The state government plans to carry out an audit of crops sown across the state to enable better planning in the wake of the recurring drought. The “crop mapping” would be undertaken both by teams on the ground and by using drones.
All the four agriculture universities in Maharashtra have been roped in for the exercise. Almost 62,000 students studying in these universities and colleges under it would take part in the exercise along with officials and the recommendations based on it implemented in the next kharif season. Teams would fan out across 40,913 villages in Vidarbha, Marathwada, North Maharashtra, Western Maharashtra and Konkan for the exercise.
Maharashtra Agriculture Price Commission chairman Pasha Patel said, “At successive meetings held to discuss climate challenges and recurring drought, Chief Minister Devendra Fadnavis has stressed on evolving a mechanism that would enable farmers cope with the difficulties both in times of low and high production of crops.”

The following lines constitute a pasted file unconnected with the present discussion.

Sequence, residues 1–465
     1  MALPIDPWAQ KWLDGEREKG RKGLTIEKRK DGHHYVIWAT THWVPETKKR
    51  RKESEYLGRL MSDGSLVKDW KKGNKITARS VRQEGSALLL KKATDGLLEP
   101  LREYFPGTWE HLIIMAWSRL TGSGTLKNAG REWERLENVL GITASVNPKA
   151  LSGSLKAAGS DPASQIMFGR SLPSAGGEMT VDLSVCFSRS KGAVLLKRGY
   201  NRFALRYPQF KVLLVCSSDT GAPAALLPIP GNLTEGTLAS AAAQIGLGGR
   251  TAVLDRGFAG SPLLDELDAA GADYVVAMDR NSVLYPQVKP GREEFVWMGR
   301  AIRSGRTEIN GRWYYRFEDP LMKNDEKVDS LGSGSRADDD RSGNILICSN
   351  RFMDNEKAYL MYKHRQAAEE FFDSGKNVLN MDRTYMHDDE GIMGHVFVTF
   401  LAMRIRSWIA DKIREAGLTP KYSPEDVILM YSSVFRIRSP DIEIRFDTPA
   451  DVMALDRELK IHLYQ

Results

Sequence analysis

“Now, we suddenly see surplus onions flooding the markets. Or, there is a surplus production of soyabean and low production of pulses or oilseeds one year. The next year, the situation is reversed. So, the entire process of crop sown and yield is inconsistent making it difficult to regulate the price and markets,” he added.
Instead, the government, with agriculture experts and farmers, is trying to work out a formula where the crop pattern could be discussed almost two years in advance. Along with crop mapping, the government is also trying to ensure the climate change advisories are more accurate and reach 1.37 crore farmers across Maharashtra.
The kharif sowing in Maharashtra in 2018 was almost 147 lakh hectares. It was marginally lower compared to 2017, which was 150 lakh hectares.
The state economic survey 2018-19 has also outlined the government’s plan to tackle climate challenges and the need for better crop pattern management.
The government believes the crop audit is necessary in the state where 78 per cent of farmers have small and marginal land holdings. According to the agriculture census, “the average land holding of farmers decreased from 4.28 hectares (1970-71) to 1.44 hectares (2010-11). The average size of land holding for Scheduled Caste and Scheduled Tribe was 1.27 hectare and 1.80 hectare, respectively…”